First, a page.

Being an older mom brings with it experiences you didn't anticipate. One of them is that at 52, I'm going through menopause, while my daughters are on their journey through puberty. This has both advantages and disadvantages and some gray area in between.
On the one hand, it means we're all experiencing constant mood swings, so I get it when my eldest is happy one moment, teary-eyed the next. But it also means that when we both have an "off" day, it could spell trouble. That's when we clash. She tells me I don't get her, and I retort that when she's my age she'll understand.
One of the symptoms of menopause I'm experiencing is extreme fatigue and it usually hits me when I least expect it. So while I may have promised my girls that we will go paddle-boarding, if I'm hit with an unexpected bout of exhaustion, I tell them I need to take a two-hour nap. To them I'm being lazy.
But then when I have a surge of energy and clean the house from top to bottom, that's the one day they're lounging on the couch watching TV, to the chant of, "Mami, I'm tired." Of course at that moment, I feel they're being sloths. It irritates me to no end.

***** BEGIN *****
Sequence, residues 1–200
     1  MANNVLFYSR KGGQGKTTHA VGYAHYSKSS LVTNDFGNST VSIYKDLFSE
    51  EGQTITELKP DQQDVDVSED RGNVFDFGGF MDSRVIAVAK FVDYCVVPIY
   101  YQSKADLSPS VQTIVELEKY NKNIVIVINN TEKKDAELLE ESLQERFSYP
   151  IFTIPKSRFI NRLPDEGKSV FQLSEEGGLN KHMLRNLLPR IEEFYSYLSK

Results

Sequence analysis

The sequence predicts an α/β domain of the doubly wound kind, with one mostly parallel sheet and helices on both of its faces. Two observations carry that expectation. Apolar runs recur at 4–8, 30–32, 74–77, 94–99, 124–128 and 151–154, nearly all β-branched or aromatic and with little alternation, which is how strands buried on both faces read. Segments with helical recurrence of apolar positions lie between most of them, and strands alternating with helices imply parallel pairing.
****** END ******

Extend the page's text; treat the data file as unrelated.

When my eldest gets her period, she often curses it. She'll tell me, "I hate my period!" I tell her to embrace it because one day, like me, she will miss having it. She will pine for that familiar monthly cycle — that upsurge of hormones that drives you a bit insane, followed by the relief of having your period, which restores your energy and your sanity. At least you can count on that.
I want my girls to know that I understand what they're going through because I was once a budding young woman myself. Kids seem to forget that.
The good thing is that we talk about it. My daughters ask me about the patch I wear on my belly. That's estrogen, I explain. It helps me not have night sweats and hot flashes. We talk about the progesterone I take at night. It helps me sleep and keeps me calm. Together, they replace the hormones lost during menopause that cause everything from extremely dry skin to extreme moodiness, palpitations and so much more.
I want my girls to know that I understand what they're going through because I was once a budding young woman myself. Kids seem to forget that. But I also want them to get a glimpse of what they may expect when they're older. They teach them about puberty at school, but where is the class about aging?
I wish I had been taught how to deal with the changes in life, and while growing pains and aging gains (that´s how I like to think of this stage of life) are different, they also have a lot in common.
I tell my girls that being a woman and going through our different stages is challenging, but it's also a wonderful adventure. We are the bearers of life. And although my reproductive days are over, I look forward to the day — if they so choose — when they will be mothers. I hope they'll explain the female cycle to their daughters. And that when they arrive at menopause themselves, they will remember everything I tell them now and understand it is just another phase of life. Not better, not worse — just different.